Kazakhstan: anti-crisis parliamentary elections

On 20 January, President of Kazakhstan Nursultan Nazarbayev dissolved the lower house of parliament (the Mazhilis) and called early general elections for 20 March (according to the calendar, the elections should have been held at the turn of 2017). At the same time elections will also be held to local councils at all levels (from village to city councils). Kazakhstan’s Mazhilis has 107 seats. The parliament in Kazakhstan is completely dependent on the president, and its role largely consists of an unconvincing masking of the government’s authoritarian nature.



  • The early elections are being held in a difficult socio-economic situation. Kazakhstan is struggling with serious problems caused by the decline in prices of crude oil, which is the country’s main export product (with about a two-thirds share of exports). The government’s responses have included, on one hand, efforts to prevent outbreaks of social dissatisfaction (such as raising social benefits for those most at risk of impoverishment due to the devaluation of the national currency); and on the other, wide-ranging economic reforms (mainly reviving attempts to diversify the economy, such as the development of agriculture). For now, these activities, and the government narrative that does not hide the  crisis, have largely prevented grass-roots protests (so far there has been just one, which was informal in nature and was aimed at commercial banks). In this context, the elections should be seen as an attempt to divert attention from the economic problems and to channel the rising public discontent into the electoral process. The elections are also a kind of preventive move: from the authorities’ perspective, it is easier to hold them in the spring rather than in a year’s time, when the public will feel the deterioration of its well-being much more.
  • In the political dimension, the elections are part of an process of adjusting the state’s direction, which has been ongoing for several months. This has been caused both by concerns at potential threats from Russia (its aggression towards Ukraine, and its pressure to integrate the post-Soviet area), and by the spectre of deep economic and social crisis. Nazarbayev is seeking to make the state more efficient by reforming the administration, including by attracting specialists and attempting to make it function more professionally. Another part of this process lies in removing the old elite from power and replacing it with younger, often Western-educated people (for example, in the last two months influential politicians such as Nurtai Abykayev, the head of the Kazakh National Security Committee, and Uzakbai Karabalin, the deputy energy minister, have gone into retirement). The president seems to assume that the new parliament should be more pluralist (with new faces and new parties), and serve as a tool for criticism of the government, acting as a “constructive opposition”. This would be preparation for the possible strengthening of its role in the political system.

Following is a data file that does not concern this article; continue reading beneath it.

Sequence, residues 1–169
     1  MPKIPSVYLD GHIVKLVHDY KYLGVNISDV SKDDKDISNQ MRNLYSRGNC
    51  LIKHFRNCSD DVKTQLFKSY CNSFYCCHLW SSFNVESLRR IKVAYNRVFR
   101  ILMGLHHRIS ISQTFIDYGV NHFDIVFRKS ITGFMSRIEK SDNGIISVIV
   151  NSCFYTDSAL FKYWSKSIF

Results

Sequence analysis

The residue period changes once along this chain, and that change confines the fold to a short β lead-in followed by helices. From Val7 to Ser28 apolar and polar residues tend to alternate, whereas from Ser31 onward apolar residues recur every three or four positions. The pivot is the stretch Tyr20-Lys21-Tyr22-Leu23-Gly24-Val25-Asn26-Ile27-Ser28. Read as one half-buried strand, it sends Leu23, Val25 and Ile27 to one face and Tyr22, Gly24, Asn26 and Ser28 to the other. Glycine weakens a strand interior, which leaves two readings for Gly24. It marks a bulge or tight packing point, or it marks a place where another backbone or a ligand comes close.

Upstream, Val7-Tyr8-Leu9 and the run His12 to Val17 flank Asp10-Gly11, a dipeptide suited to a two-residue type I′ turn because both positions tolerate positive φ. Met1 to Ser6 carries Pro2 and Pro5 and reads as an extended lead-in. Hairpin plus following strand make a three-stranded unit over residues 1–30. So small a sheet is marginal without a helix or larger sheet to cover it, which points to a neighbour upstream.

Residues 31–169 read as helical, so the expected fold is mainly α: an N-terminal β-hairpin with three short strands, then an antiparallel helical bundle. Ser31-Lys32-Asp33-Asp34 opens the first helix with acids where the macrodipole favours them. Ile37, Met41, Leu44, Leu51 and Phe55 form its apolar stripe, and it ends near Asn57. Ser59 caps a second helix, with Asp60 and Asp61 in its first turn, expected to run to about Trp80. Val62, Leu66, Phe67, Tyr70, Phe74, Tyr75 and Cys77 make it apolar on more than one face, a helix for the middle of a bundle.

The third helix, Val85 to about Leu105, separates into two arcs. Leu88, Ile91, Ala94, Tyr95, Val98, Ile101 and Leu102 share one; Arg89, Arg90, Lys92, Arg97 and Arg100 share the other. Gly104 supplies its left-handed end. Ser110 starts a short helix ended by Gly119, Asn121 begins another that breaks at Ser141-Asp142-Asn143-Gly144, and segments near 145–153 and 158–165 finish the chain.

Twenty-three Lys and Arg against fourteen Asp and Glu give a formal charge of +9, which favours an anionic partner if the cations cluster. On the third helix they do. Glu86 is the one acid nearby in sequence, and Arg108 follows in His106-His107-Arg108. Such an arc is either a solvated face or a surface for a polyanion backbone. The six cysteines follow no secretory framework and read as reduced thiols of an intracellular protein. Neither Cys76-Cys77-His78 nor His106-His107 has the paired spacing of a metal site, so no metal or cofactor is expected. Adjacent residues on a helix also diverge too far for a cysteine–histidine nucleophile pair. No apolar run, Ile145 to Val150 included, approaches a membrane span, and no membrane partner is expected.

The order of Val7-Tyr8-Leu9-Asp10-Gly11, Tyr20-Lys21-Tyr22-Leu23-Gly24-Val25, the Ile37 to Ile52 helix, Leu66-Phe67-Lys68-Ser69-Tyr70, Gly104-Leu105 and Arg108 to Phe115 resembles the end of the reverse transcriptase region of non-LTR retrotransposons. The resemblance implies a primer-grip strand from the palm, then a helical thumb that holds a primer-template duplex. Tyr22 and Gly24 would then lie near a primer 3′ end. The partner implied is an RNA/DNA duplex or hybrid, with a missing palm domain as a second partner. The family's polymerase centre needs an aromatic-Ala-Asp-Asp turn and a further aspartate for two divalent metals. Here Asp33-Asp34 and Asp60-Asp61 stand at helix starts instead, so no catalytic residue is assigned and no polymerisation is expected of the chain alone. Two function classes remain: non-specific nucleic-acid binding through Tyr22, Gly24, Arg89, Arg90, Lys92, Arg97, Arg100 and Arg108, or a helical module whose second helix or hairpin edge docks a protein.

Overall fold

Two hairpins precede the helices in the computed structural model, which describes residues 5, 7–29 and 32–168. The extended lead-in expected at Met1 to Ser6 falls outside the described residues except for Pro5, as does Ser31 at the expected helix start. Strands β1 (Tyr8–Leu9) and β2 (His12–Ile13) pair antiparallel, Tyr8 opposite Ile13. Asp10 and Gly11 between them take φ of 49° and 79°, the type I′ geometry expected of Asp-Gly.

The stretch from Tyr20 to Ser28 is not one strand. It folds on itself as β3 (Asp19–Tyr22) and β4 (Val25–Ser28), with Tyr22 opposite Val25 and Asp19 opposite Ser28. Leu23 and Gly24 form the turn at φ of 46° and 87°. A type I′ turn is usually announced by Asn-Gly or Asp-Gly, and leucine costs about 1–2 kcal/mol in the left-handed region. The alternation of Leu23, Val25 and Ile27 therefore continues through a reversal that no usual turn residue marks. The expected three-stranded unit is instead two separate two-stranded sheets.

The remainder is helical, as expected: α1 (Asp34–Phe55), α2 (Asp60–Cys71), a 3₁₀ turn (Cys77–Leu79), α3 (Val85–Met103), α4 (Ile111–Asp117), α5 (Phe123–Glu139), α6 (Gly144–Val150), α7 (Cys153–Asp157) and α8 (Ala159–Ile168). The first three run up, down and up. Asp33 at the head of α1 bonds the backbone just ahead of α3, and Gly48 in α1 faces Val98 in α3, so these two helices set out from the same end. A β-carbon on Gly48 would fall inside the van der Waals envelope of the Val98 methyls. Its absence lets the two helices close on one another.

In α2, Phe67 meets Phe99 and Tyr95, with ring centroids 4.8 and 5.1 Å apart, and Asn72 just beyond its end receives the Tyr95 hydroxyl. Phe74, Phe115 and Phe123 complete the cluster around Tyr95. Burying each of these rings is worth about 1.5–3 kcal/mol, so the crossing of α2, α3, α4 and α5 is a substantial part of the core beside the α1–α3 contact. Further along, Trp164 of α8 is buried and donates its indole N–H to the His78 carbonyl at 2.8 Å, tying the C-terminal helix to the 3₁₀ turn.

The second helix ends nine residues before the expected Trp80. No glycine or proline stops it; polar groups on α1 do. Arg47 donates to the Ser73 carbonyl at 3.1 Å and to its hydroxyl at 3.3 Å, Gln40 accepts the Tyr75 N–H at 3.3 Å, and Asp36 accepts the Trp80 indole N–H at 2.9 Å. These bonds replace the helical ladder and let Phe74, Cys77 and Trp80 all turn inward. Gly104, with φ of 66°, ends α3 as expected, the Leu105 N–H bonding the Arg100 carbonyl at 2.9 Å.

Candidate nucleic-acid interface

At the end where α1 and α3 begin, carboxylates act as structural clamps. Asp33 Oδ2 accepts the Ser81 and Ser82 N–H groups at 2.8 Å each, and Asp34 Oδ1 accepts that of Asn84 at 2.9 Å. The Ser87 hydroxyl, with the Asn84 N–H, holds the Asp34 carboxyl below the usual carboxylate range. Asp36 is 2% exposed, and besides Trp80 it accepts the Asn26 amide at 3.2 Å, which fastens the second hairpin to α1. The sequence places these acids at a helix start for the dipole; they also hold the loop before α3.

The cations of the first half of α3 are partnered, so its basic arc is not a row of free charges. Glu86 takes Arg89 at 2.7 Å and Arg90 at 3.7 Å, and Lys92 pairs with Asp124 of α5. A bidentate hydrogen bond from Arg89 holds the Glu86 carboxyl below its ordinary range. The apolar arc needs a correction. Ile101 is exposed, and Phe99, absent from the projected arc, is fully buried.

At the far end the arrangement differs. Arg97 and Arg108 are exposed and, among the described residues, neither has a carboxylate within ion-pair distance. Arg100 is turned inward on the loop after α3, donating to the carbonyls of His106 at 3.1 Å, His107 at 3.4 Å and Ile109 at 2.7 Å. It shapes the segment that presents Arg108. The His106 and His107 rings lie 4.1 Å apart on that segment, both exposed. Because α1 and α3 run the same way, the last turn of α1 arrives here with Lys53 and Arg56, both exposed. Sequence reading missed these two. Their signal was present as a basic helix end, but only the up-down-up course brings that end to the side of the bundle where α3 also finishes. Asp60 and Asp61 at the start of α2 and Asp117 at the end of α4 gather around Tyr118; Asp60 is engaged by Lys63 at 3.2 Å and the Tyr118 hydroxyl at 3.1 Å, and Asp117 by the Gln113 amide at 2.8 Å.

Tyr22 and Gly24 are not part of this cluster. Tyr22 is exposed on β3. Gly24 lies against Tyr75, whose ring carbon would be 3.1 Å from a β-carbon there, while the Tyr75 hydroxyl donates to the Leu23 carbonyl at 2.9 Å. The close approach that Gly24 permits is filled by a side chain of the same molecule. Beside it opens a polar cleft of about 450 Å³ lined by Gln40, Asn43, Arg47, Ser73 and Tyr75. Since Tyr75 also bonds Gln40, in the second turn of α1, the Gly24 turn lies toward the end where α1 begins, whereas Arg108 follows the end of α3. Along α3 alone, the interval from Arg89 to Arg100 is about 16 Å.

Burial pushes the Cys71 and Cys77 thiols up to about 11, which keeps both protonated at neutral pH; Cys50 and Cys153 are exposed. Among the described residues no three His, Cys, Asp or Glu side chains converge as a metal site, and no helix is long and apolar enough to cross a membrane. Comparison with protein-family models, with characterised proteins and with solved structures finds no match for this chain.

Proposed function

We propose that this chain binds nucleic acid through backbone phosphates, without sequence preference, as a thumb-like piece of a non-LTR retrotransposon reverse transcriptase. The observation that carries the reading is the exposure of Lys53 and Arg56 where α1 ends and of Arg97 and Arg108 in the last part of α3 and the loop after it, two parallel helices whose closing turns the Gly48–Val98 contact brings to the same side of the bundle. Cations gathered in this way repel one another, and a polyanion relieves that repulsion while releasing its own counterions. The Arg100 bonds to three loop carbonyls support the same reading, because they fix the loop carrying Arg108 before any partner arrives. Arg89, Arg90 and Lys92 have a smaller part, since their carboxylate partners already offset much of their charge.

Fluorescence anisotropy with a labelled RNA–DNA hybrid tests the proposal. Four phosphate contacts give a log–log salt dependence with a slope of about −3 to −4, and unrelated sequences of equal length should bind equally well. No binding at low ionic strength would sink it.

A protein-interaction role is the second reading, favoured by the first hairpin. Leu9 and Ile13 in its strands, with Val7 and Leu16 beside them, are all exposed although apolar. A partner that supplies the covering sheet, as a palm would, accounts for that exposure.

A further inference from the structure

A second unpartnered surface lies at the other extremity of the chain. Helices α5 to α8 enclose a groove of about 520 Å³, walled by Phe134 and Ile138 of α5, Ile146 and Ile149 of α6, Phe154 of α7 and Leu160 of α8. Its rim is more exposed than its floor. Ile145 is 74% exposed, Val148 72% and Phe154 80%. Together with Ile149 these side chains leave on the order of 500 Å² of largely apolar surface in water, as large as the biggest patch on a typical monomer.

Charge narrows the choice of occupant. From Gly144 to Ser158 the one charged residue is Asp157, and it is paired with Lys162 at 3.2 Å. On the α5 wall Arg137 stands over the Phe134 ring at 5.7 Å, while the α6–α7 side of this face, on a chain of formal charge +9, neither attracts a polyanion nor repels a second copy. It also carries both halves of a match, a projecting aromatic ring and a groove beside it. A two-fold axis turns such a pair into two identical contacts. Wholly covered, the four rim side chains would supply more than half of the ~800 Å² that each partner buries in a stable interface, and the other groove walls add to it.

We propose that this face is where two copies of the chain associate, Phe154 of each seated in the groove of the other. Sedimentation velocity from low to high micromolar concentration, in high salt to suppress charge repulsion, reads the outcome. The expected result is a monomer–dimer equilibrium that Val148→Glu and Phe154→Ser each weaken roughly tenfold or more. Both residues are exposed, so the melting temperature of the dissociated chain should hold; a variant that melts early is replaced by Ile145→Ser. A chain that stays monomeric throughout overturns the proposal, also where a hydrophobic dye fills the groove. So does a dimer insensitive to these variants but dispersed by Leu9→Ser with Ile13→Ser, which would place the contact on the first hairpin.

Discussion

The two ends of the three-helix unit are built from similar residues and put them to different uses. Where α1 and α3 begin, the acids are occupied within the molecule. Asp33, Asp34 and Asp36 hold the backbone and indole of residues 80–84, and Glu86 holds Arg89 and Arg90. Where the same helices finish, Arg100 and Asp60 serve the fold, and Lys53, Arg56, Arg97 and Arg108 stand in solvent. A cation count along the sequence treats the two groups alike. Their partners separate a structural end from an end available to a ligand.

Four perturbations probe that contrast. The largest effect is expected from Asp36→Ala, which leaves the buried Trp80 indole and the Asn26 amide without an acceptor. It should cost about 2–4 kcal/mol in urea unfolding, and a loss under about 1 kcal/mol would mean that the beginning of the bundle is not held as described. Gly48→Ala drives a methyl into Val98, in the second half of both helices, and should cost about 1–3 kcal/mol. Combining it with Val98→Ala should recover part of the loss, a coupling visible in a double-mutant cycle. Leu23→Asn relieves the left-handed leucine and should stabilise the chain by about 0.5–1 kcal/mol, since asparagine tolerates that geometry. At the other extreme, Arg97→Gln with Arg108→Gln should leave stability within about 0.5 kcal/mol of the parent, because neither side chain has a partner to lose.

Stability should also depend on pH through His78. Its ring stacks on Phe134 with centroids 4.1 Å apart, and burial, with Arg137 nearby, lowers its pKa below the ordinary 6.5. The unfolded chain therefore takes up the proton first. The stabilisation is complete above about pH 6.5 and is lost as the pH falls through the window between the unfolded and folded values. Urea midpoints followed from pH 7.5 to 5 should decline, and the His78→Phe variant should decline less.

• Holding elections runs some risk of protests despite Nazarbayev’s full control over the system. The electoral process could become an opportunity for the expression of social discontent, which may be fostered by the linking of the local with the national elections (rising public anger at the corruption of officials in a situation of economic crisis). There may also be uncertainties linked to replacing the elite in a period of dwindling financial resources and marginalising the old team. Although they are losing their positions, they will want to retain their informal political and economic influence, which could have a destabilising effect on the system.